It’s best to consult a pediatrician if you suspect your child having earwax buildup or a blockage. A pediatrician may also notice excess wax buildup during regular ear exams and remove it as required. Ask the pediatrician to check their ears for wax buildup if the child is sticking their finger or other objects in their ear due to irritation.

Earwax in Adult

Earwax can be problematic even in older adults. Some adults avoid wax buildup until it becomes an obstruction for your hearing. In most cases of adults with the conductive hearing loss, the main cause is earwax buildup. Wax blockage can also be due to the hearing aid.

Getting Rid of Excess Earwax

Never attempt to clear out earwax buildup on your own. This can damage your ear leading to an ear infection or hearing loss. There are certain ways to get rid of excess earwax buildup.

Using Cotton-Swab, Right?

NO!

Cotton swabs should never be inserted in your ears as it pushes the wax further into the ear canal causing an impaction. Earwax isn’t produced near the eardrum, so if there is a blockage it is an indication that wax has been manually pushed inward. Cotton swabs or any other foreign object could easily damage the delicate parts of the inner ear, including the eardrum.

Best Ways to Clean Your Ears

If you find yourself with excess wax, then hearing healthcare professional can help you remove it using certain methods:

  • Softening earwax – Over-the-Counter drops can be purchased which are made specifically for this purpose. Following substances can be used for earwax softening:
  1. Mineral oil
  2. Hydrogen Peroxide
  3. Carbamide Peroxide
  4. Baby Oil
  5. Glycerin
  • Ear irrigation – Ear irrigation is another way to remove earwax buildup from your ear. But make sure to never attempt to irrigate your ear if suffering from an ear injury or had a medical procedure done on your ear recently. Irrigation of a ruptured eardrum can result in a temporary hearing loss or ear infection.Never use products meant for mouth or teeth irrigation. The force produced by them is more than your eardrum can safely tolerate.Follow the directions provided with an over-the-counter kit to do ear irrigation, or follow the given steps:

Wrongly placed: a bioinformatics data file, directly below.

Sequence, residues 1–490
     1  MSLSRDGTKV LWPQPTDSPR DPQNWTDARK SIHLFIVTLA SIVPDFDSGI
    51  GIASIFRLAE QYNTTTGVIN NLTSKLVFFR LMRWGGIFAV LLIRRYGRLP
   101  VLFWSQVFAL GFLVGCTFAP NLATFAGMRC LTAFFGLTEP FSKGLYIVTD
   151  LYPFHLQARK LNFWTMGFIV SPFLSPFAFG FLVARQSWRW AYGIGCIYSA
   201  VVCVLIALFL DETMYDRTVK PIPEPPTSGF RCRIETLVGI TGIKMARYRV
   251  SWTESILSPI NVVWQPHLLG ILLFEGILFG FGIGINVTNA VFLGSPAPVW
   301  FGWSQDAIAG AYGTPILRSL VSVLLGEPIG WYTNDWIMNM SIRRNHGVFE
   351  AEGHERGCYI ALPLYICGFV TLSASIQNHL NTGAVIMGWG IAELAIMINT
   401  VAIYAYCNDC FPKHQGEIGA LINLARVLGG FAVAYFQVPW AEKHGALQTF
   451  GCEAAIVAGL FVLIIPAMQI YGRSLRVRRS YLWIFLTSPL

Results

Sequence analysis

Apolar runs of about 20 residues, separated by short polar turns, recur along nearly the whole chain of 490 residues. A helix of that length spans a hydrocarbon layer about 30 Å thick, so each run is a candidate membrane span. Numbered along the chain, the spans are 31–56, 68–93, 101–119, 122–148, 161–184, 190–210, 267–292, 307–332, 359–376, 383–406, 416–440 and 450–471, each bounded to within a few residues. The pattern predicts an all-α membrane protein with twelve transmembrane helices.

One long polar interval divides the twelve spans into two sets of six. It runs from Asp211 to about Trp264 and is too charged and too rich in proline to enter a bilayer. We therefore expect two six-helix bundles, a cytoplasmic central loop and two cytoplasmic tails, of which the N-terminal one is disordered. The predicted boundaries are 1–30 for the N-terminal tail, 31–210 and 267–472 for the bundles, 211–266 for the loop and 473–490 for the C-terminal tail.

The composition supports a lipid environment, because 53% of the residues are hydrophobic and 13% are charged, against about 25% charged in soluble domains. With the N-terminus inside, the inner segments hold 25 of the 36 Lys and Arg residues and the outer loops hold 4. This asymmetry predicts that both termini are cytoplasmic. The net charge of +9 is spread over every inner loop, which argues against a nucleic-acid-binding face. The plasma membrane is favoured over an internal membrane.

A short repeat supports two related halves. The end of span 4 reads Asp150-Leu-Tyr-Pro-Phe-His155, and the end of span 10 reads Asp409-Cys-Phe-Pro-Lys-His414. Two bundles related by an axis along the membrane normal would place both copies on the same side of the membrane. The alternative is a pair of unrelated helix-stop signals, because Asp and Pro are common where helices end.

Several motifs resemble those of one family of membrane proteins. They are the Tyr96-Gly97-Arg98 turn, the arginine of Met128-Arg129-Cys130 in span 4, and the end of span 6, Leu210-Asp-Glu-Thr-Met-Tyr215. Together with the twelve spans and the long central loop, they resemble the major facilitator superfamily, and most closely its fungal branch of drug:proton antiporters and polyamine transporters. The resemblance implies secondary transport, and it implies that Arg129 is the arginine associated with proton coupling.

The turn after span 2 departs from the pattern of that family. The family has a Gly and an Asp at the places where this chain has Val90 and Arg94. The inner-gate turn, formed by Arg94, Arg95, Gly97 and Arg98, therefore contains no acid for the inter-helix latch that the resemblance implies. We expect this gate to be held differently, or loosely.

1. Stand or sit with your head in an upright position.
    2. Hold the outer ear and pull it upward gently.
    3. Using a syringe, send a stream of body-temperature water into your ear. Too cold or too warm water can cause dizziness.
    4. Allow water to drain by tipping your head.It may be required to do this procedure several times. If the wax buildup is often for you, then routine ear irrigations may help prevent the condition.

What will be the Outlook?

Earwax is a natural part of your ear health, but it may be bothersome. Removing earwax should be avoided with any object which can worsen the problem. In some cases, even the eardrum or ear canal get damaged with the use of cotton swabs.

Medical help is usually necessary, only when excess earwax doesn’t come out on its own. If you suspect to have earwax buildup or blockage, consult the doctor for assistance. Most people don’t require medical help frequently for earwax removal. In fact, a once-a-year cleaning by your doctor is usually enough to keep blockage at bay.

Seek medical help if you’re unable to clear the earwax or if ear becomes irritated. There are other conditions that may cause symptoms of earwax buildup. It’s important for the doctor to rule those out. Otoscope, a lighted instrument with a magnifier is used to see clearly into the inner ear.

The doctor may use following methods to remove earwax:

  • Ear Irrigation
  • Suction
  • A curette, i.e a small, curved instrument

Follow your doctor’s instructions carefully.

In most cases, hearing returns to normal immediately after earwax removal. However, some people are much prone to produce more earwax and will face the problem again.

In this article, we have tried to explain everything you should be knowing about impacted ear wax. In case, you need more advice & details regarding the best ways to get rid of earwax, you should consult a doctor. Dial our toll-free number 1800-121-4408 to get in touch with a hearing expert.